Strong branding, a less than favourable housing market and the prevalence of new and accessible technology are all affecting the tool market. Tom Prince investigates…
State of the industry
According to the 2007 Hardware Suppliers & Industry Directory, the builders’ hand tools category has not experienced significant growth in four years, while the power tools and accessories category grew only 0.5% last year.
Numerous economic factors are at play here. With hand tools, this is due amongst other things to the ever increasing availability of affordable imports (see the ‘Australian Made’ feature in the Hardware Journal May issue for further information) and an overall tougher retail environment. With power tools and accessories, increased ranges, promotions and consumer-appealing price competitiveness means the retail/DIY channel took a slice out of the trade share. The state of the housing industry also has an inescapable effect. According to Harley Dale, HIA’s Chief Economist, Australia’s currently flat housing market is being prevented from recovering by Government imposed barriers such as fees, taxes, charges, planning and regulatory constraints and the lack of available and affordable land – and with it, the accompanying tool market. In places like inland NSW and Sydney it has apparently not been this bad since the early eighties recession. In fact, there is a lot of migration to the west to chase dollars from the mining boom, although the best part of that appears to have passed since 2005, with the peak of the mineral boom passed. The decline or flat performance in the building industry has had a negative effect on the demand for labour, and with it, the demand for tools.
Tradies are a curious bunch. As industry professionals, their work depends on the tools they use to get the job done (regardless of the age old adage about a good tradesman never blaming his tools…). Their tools are their livelihood so they really do need their tools to be reliable, of high quality, and useable in demanding working conditions, such as on site or in inclement weather.
Even so, your average tradie tends to be far more brand loyal than your average DIYer. Indeed, for all the jobs that tradies do with highly specific requirements, a recognised brand is still the main influence on decision making in a lot of cases.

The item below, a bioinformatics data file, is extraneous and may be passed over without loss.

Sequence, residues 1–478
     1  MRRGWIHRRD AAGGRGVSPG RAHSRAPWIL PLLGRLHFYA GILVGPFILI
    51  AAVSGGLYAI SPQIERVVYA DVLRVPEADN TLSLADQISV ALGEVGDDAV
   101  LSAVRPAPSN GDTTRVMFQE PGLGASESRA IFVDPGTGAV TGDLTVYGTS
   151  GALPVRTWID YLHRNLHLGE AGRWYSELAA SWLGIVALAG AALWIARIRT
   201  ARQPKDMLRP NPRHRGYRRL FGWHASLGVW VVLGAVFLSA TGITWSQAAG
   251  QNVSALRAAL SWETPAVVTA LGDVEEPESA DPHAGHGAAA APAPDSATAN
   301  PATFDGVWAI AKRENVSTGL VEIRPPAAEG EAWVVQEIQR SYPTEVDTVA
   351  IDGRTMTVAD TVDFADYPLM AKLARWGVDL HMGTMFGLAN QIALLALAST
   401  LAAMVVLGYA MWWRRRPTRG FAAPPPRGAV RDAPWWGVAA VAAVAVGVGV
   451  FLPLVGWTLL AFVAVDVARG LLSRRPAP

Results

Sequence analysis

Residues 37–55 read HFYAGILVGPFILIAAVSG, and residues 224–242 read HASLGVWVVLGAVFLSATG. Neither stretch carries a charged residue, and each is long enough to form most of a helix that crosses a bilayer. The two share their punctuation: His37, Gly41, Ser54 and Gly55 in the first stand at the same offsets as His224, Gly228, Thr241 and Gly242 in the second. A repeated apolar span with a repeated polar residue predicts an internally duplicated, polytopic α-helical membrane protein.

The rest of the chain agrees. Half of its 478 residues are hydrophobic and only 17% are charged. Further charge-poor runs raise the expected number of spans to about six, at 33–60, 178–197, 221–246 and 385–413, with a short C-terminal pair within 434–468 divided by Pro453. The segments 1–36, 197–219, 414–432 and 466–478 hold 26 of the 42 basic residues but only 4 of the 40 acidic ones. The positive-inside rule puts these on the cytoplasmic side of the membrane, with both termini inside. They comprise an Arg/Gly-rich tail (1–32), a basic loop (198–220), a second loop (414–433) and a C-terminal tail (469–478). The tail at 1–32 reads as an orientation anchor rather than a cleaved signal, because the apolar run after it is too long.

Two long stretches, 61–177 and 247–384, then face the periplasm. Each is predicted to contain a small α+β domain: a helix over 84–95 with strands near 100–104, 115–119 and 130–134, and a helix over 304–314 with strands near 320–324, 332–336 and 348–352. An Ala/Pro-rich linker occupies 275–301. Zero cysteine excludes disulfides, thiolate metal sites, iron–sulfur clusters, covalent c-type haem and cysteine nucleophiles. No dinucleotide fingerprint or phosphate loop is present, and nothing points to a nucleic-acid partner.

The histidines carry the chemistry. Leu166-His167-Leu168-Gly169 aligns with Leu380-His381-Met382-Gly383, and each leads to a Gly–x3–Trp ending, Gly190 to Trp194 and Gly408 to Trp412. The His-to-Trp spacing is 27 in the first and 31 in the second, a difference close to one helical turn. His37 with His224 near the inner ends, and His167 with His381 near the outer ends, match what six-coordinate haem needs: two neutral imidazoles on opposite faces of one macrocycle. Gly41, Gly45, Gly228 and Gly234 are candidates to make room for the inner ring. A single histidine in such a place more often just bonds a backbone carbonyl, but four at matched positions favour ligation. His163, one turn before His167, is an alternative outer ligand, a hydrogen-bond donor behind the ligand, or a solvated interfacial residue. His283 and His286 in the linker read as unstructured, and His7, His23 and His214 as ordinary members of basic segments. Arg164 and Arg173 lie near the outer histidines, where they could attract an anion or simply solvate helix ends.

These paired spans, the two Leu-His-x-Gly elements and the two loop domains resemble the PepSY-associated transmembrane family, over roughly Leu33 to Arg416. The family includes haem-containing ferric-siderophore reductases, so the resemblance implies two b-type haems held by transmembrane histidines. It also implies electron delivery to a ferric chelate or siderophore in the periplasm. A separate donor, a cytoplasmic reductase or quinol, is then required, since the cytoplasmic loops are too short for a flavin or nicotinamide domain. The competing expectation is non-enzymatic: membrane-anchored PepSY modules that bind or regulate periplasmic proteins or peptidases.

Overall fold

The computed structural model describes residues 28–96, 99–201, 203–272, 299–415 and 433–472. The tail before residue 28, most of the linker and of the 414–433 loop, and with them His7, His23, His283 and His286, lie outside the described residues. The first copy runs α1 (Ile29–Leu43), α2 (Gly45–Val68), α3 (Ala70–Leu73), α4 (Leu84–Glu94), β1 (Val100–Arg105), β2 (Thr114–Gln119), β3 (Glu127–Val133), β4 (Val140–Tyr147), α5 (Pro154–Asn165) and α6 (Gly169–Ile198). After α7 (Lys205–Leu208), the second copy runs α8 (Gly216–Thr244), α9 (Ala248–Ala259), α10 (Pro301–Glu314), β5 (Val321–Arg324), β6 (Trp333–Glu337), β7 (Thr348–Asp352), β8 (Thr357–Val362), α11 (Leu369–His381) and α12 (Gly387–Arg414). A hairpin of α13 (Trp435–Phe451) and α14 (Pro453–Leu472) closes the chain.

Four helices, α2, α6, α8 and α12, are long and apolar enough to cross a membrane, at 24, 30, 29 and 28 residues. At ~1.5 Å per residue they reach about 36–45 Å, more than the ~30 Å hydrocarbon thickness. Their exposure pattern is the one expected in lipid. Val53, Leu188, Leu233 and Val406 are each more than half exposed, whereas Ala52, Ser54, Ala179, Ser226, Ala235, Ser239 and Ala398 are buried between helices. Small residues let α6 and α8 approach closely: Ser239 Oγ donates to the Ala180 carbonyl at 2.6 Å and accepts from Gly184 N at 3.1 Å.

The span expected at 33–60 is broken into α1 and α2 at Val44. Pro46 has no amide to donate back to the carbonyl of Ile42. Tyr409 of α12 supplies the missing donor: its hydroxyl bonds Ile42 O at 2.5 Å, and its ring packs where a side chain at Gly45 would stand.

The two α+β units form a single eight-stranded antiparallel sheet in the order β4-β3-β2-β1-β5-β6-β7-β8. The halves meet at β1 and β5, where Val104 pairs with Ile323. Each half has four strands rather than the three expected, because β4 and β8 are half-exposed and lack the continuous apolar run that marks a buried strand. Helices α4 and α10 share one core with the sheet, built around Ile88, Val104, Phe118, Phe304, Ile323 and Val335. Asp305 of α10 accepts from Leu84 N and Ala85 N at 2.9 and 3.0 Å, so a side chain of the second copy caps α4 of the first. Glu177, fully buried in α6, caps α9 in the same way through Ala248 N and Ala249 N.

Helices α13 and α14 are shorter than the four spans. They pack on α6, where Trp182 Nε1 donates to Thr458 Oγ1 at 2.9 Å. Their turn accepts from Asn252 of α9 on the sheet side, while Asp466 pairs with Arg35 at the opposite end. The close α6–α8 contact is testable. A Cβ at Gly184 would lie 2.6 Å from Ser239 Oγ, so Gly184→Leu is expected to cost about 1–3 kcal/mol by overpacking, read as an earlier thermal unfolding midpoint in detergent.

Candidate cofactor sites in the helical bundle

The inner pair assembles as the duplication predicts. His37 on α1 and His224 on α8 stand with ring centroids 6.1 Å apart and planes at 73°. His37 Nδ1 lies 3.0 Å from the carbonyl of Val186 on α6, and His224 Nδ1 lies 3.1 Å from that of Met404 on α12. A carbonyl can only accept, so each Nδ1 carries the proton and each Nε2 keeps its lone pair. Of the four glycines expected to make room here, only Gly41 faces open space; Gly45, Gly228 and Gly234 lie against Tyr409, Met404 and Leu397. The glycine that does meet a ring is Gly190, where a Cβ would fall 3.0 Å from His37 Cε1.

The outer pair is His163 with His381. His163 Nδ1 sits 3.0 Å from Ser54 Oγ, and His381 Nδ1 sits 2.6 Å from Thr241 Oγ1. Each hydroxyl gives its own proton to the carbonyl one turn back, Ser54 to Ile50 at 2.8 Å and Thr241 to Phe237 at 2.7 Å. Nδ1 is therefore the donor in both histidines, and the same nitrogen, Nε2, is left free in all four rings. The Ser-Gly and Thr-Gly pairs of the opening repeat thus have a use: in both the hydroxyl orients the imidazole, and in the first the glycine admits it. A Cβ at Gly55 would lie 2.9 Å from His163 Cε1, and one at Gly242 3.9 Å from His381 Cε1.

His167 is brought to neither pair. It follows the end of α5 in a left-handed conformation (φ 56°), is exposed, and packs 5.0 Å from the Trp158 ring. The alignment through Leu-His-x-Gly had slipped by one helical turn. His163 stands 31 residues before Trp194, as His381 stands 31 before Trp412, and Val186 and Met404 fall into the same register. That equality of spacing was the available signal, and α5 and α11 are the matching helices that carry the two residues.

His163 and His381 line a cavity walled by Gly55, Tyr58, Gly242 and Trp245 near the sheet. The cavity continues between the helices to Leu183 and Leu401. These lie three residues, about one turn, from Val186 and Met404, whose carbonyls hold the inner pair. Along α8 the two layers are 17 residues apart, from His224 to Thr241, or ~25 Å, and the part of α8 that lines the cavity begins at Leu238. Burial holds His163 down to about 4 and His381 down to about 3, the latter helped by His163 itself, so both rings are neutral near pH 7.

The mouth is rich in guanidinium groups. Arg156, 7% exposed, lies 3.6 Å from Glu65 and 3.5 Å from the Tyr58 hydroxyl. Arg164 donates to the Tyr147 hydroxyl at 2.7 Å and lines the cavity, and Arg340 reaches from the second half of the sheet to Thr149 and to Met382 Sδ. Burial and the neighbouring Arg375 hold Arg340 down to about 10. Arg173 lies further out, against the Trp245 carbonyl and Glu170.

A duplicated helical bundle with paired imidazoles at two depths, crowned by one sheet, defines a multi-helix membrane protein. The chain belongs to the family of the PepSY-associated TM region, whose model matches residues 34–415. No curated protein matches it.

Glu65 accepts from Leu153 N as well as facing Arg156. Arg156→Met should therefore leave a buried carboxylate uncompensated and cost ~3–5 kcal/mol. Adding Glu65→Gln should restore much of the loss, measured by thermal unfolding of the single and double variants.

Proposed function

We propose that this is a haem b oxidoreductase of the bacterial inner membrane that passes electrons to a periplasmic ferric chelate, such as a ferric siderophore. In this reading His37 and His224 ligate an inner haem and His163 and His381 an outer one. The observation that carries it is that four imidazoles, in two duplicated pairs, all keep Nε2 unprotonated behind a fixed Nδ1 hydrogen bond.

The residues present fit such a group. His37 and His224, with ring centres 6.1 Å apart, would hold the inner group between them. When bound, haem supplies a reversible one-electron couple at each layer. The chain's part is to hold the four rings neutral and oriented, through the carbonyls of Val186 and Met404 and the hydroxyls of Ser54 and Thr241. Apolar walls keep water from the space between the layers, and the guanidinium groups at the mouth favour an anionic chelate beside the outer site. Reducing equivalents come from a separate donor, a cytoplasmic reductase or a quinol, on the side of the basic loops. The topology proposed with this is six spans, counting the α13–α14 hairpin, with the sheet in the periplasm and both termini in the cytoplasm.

Strong branding is a powerful force, especially for power tools, where particular brands are sought after if they are perceived to offer quality, a defined ability to do the job, and most surprisingly, a positive image. With hand tools too tradies are demanding a lot more than the basics. Some manufacturers and suppliers face a challenge in overcoming the tradie’s fierce brand loyalty to a known product, so many of them are offering something different or something new.
New technology, now cheaper and more readily available than ever, is having an impact. Power tools are experiencing the change with many people switching to cordless tools. The availability of technology that was traditionally inaccessible or prohibitively expensive means many traditionally ‘trade’ products are also more accessible to DIYers. For example, compound mitre saws used to be the domain of professionals but are now available to DIYers. New forms of power are also emerging. Again, this follows in the vein of categories branching out that were at one time exclusive or limited to certain professions. Air tools, many of which were traditionally used in the automotive industry, are now available in most ranges across the board. So too are gas powered tools, particularly nail guns, which were formerly used mostly by roofers.
Ion battery technology is another exciting development that was quickly adopted. It offers a swathe of improvements in the form of quicker charge times, longer tool life and even greater user comfort owing to their light weight. Ion battery drills are at the high end of the market and it remains to be seen what effect they will have if they start to filter down once the technology becomes even more prevalent.
Finally, an interesting bi-product of cheaper and more accessible power tool technology is their effect on hand tools. Some power tools are now so accessible that they are exerting pressure on certain sections of the hand tool market by virtue of their comparable affordability. When it comes down to it though, some things will never change. As one manufacturer put it… “You will never replace a hammer.”
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